Friday, May 1, 2009

Interview with Israeli Telecom Reporter Amitai Ziv

I recently spoke by phone with Amitai Ziv, who is the telecom correspondent for The Marker, an Israeli newspaper. We discussed a May 2008 article he wrote about Paltel and Abdel Malik Jaber, Paltel’s former CEO. Recently, Jaber agreed to step down as part of Paltel’s acquisition by Zain, and his successor has yet to be named. Ziv knew little about the acquisition, but had much to say about his one-hour interview with Jaber at the American Colony Hotel in East Jerusalem last May.

Ziv held Jaber in high regard. “[Jaber] is a businessman,” Ziv said. “He knows what he wants. He wasn’t afraid to speak about the occupation. He doesn’t apologize for being Palestinian or bypass all those issues. He just speaks about them. It’s impressive.”

In Ziv’s article for The Marker, he quoted Jaber as saying: “It’s no wonder that the first Palestinian Venture Capital fund is headed by an Israeli.” I asked Ziv what Jaber may have meant by this. “Israel is a very innovative country,” Ziv said. “There are so many innovations. We are known for our start-ups. I’ve met many here in this year that I’ve been working [at The Marker] and I still have 400 more to meet…Israel is really known for that. I think that’s what he meant. …I think he was [complimenting Israelis for being entrepreneurial].”

I find it interesting and impressive that Jaber is able to praise the drive for innovation in Israeli society, despite the struggles he has experienced as a result of the Israeli occupation of the Palestinian Territories.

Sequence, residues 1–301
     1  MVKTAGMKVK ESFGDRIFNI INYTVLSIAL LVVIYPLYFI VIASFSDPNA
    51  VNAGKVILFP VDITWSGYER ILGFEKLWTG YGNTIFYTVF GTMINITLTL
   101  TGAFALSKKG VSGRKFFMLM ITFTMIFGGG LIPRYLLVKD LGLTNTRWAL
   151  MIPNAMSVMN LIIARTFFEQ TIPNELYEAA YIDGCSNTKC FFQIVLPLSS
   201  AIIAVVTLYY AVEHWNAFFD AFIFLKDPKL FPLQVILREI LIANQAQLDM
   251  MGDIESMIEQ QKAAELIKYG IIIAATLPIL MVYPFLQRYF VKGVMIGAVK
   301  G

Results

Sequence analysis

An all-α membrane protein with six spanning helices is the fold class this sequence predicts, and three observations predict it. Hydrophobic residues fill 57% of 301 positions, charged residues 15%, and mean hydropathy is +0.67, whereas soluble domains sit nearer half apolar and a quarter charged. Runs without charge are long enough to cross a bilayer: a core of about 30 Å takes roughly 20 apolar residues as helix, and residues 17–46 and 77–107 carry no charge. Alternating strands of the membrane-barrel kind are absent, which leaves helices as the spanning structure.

Ziv also respected Jaber’s honesty and objectivity and came away from the interview with sympathy for Jaber’s difficult role. “[The Palestinian Territories] are such a small piece of land, so it’s so weird that [Jaber] can’t have his own antennas,” Ziv said. “It’s also the only company in the world, I think, that has its switch not inside the territories—[the switch] is in London. Israel won’t let [Jaber] bring it to here. Every phone conversation inside the Palestinian Territories is going through London.”

Ziv commented that Wataniya will likely face an uphill struggle. “I think it’s going to be a real nightmare for any new company in the Palestinian Territories to build new sites, to get permits from the Israeli occupation,” he said. “Maybe that’s why [Wataniya has had so many delays].”

Finally, Ziv said that the four Israeli telecom companies operating in the Palestinian Territories may not be eager to speak about the issue. “They prefer to do business, to be quiet, to not make a big declaration about are we right or wrong,” he said. “I think they would say that they are giving good services to 200,000 settlers over there in the West Bank…They will also say that, if a Palestinian chooses to buy a prepaid card to talk via Israeli companies, rather than via a Palestinian company, they have a right to do that."